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1.4 Reliability

Reliability is the ability of a system to provide a service without interruption. Although related to fault tolerance, performance, and scalability, reliability is the ability to provide continual service without regard to the amount of use or failure within the system. Reliability is related closely to availability, for the availability of a system proves its reliability.

Using the earlier example of the automobile, the reliability of a new automobile is expected. When the key is turned, the engine should turn over. A racecar driver knows the necessity of reliability. Mechanics go through the racecar in detail before the driver is allowed to race. The failure of one part within the vehicle could cause the driver to lose the race—or to lose his or her life.

Similarly, to ensure reliability, a systems designer must inspect every part of the system. A failure within any part of the system could cause the application or service to be unavailable to requests, proving its unreliability. To build reliability into a system, the designer must analyze all of the points previously discussed:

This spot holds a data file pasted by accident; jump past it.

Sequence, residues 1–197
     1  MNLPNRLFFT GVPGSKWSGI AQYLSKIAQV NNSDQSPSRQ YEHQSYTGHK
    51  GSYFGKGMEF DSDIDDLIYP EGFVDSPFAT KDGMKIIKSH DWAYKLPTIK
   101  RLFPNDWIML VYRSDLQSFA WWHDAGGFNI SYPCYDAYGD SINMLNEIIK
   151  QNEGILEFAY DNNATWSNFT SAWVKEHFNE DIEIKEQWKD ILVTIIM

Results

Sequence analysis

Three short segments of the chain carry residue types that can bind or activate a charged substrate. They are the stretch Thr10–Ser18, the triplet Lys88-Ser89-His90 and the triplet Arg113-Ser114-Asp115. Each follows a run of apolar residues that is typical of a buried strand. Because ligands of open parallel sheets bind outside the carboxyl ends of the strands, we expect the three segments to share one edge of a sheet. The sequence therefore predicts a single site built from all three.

• Fault tolerance of the system

  • Performance of the system

  • Scalability of the system

Failure within a hard drive or network card could cause the server to quit servicing clients. Too many users could cause the system to respond slowly to requests, or to quit responding all together. If the application cannot scale to meet the needs of the clients as those needs change from day to day, the system could experience hours or even days of downtime caused by frequent hardware upgrades or replacements.

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